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Common sense approaches to dealing with crime and DNA

16 December 2008

In a speech, Home Secretary Jacqui Smith called for new 'common sense standards' for the use of investigatory powers and the retention of DNA profiles.

She said she wants to strengthen how the Regulation of Investigatory Powers Act (RIPA) (new window) is used, and how and when DNA profiles are retained as part of a national database.

Consultations will start next year

In her speech to the Intellect Trade Association, she said the process would get underway with a series of consultations early in the new year on these controversial topics.

The Home Secretary said, 'While the vast majority of the investigations carried out under RIPA are important – like protecting the public from dodgy traders, trapping fly tippers who dump tonnes of rubbish on an industrial scale across the countryside, or tackling the misery caused by noisy and disruptive neighbours – there are clearly cases where these powers should not be used.

'I don’t want to see these powers being used to target people for putting their bins out on the wrong day, for dog fouling offences, or to check whether paper boys are carrying sacks that are too heavy.'

A consultation on the use of RIPA will examine:

  • the codes of practice behind RIPA
  • which public authorities can use RIPA powers
  • how those powers are approved in each case, and who can authorise their use

She also plans to consult on how to ensure that RIPA powers meet tests of safeguards, openness, proportionality and common sense.  

She said, 'The public is our best defence against crime and terrorism. But I know people will not thank us if the systems we design to protect them are too intrusive.'

Careful action needed on DNA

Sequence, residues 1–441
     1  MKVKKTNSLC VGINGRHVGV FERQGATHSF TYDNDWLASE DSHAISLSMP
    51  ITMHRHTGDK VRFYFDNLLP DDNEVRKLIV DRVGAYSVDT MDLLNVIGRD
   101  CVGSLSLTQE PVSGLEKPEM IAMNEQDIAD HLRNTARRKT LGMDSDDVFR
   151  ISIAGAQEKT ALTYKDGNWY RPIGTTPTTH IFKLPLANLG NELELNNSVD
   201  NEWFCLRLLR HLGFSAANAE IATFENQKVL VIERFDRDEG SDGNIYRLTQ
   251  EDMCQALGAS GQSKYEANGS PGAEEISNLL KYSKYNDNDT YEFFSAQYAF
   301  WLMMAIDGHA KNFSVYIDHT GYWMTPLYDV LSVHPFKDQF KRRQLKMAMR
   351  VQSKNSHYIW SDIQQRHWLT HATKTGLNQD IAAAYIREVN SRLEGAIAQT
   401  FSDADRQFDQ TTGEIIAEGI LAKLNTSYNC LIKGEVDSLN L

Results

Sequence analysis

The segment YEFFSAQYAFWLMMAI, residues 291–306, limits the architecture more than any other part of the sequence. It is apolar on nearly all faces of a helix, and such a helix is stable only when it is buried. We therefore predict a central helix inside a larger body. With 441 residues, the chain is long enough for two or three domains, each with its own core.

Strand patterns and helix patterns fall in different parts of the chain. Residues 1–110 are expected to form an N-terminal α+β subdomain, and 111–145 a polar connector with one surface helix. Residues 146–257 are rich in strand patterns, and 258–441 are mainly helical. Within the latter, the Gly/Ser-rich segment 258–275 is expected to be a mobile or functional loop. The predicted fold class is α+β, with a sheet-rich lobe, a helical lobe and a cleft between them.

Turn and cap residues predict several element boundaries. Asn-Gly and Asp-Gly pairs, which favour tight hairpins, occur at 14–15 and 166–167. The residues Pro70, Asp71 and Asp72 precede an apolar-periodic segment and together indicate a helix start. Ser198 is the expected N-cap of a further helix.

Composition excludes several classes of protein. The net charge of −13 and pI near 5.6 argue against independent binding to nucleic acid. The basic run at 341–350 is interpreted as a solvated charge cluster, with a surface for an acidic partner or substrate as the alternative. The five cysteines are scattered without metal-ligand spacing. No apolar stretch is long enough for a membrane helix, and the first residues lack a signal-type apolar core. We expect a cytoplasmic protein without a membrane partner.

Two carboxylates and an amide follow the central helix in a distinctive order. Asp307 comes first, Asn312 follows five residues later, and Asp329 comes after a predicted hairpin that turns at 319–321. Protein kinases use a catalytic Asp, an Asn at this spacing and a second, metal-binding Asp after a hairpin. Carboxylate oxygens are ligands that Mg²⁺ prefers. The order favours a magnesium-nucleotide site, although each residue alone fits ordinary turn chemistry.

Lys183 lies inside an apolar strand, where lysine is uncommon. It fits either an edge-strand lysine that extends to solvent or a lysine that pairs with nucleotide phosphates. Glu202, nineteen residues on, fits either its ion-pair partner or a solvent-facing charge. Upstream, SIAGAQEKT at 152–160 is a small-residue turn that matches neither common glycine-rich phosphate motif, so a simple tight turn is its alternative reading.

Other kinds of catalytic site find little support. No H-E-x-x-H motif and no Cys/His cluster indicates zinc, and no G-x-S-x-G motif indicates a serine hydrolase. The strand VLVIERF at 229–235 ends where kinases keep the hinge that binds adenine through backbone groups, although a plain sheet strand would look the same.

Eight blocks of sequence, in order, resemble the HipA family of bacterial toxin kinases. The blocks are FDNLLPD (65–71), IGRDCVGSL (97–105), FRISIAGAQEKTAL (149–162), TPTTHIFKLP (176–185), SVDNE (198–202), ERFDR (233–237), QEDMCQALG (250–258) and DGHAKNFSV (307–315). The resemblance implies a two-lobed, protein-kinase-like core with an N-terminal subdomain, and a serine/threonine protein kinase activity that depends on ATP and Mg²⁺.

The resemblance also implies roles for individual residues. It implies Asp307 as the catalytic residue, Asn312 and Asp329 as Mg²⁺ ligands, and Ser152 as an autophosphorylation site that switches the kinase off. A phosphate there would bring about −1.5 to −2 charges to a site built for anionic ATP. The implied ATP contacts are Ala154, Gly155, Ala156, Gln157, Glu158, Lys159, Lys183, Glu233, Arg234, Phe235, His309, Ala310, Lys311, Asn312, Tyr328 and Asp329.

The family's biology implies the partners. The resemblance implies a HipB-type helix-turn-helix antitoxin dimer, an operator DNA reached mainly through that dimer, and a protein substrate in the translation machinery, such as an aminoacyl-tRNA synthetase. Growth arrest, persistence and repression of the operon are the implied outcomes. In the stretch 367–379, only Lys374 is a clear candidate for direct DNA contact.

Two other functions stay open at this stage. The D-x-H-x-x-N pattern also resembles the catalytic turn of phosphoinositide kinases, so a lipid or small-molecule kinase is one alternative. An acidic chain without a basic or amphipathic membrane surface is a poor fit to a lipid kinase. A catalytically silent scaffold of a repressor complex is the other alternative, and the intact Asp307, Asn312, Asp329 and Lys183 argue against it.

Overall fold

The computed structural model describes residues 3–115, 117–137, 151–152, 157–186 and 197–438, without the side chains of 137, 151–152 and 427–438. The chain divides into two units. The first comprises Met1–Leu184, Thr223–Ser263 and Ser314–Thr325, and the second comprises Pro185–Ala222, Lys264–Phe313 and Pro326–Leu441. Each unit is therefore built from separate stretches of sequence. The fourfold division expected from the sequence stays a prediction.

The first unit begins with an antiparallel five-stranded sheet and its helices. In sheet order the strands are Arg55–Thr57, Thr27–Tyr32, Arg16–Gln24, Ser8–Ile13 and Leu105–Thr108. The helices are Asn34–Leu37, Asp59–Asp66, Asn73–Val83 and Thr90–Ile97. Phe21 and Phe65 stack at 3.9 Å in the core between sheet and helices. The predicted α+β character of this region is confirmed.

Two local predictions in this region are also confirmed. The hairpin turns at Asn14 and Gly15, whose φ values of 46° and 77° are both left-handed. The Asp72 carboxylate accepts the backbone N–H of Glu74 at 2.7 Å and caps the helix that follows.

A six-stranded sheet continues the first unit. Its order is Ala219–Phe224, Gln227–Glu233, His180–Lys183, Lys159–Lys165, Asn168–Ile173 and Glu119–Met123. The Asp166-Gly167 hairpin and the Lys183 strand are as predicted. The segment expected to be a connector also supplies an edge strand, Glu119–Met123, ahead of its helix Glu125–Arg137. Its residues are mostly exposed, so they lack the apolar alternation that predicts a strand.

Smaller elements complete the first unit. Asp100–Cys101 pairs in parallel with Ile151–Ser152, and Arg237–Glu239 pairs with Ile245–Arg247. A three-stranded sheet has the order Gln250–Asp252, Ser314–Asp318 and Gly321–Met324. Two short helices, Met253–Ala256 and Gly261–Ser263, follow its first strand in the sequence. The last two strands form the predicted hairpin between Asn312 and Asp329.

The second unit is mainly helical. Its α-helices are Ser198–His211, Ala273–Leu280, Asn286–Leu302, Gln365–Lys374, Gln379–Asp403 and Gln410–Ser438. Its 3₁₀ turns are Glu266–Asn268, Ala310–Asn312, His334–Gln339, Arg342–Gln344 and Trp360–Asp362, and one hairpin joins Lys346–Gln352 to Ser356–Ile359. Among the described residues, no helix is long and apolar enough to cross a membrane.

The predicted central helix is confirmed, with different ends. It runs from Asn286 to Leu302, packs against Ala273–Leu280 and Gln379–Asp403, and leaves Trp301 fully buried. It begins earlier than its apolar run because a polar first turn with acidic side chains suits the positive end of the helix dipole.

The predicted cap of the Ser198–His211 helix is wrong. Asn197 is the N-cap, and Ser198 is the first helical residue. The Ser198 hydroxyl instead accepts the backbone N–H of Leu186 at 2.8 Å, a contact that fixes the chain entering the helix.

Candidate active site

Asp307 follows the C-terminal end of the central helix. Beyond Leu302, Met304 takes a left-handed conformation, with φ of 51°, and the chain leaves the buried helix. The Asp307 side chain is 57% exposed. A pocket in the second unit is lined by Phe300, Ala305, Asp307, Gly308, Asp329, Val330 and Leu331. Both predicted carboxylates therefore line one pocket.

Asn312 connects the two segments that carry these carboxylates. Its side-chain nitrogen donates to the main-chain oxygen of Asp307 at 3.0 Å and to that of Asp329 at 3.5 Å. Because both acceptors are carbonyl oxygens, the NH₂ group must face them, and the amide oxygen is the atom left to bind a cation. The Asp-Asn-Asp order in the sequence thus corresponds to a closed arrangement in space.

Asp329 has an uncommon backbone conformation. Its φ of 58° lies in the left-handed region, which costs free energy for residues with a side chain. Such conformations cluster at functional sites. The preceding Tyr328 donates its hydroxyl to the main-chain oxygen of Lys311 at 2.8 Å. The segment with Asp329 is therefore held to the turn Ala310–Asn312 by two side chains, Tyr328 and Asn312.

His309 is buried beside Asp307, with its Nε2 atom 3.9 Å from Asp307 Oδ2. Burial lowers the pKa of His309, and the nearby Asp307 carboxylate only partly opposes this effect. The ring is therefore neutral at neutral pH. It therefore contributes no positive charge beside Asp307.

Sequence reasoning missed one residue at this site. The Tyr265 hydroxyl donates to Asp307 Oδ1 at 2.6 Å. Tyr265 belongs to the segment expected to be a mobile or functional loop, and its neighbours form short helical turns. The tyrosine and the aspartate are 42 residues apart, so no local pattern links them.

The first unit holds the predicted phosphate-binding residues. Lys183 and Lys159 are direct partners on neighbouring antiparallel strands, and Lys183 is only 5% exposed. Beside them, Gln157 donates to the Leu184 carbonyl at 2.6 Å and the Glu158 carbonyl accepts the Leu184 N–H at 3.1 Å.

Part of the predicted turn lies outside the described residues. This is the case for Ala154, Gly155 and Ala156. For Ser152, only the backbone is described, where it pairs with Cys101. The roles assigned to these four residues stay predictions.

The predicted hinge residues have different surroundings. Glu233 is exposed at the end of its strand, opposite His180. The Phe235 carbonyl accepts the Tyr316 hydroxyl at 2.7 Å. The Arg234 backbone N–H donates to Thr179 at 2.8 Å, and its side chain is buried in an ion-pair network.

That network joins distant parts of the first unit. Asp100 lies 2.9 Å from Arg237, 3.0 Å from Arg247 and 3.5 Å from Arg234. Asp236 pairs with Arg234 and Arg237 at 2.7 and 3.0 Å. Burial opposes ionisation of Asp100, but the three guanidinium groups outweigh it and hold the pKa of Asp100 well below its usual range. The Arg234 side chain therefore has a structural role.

Discussing the issues surrounding the government's use of DNA, she said they must think carefully about how long to keep DNA evidence, and whose DNA to keep.

She said the use of DNA in police investigations has been 'one of the breakthroughs for modern policing.'

'It’s an area where I’m proud to say that Britain is leading the world. However, the strengths of the DNA database can only be safeguarded if they enjoy the confidence and trust of the public.'

Currently, DNA evidence is being stored on people regardless of whether or not they were ultimately convicted of a crime.

Consultations in coming months will look at many issues surrounding DNA, including:

  • whether the rules on DNA should tie into the seriousness of the crime committed, and possibly the age of the offender
  • whether the rules on retaining DNA samples need to change
  • whether police can retrospectively take samples after conviction
  • whether police can take samples from people convicted of crimes overseas

Some actions will be taken soon, though: she will take immediate steps to remove the DNA of children younger than 10 from the database.

The proposed changes will be designed to produce a more proportionate, fair and common sense approach to storing DNA.

Find out more

Read the Home Secretary's speech on the Home Office Press Office website. (new window)

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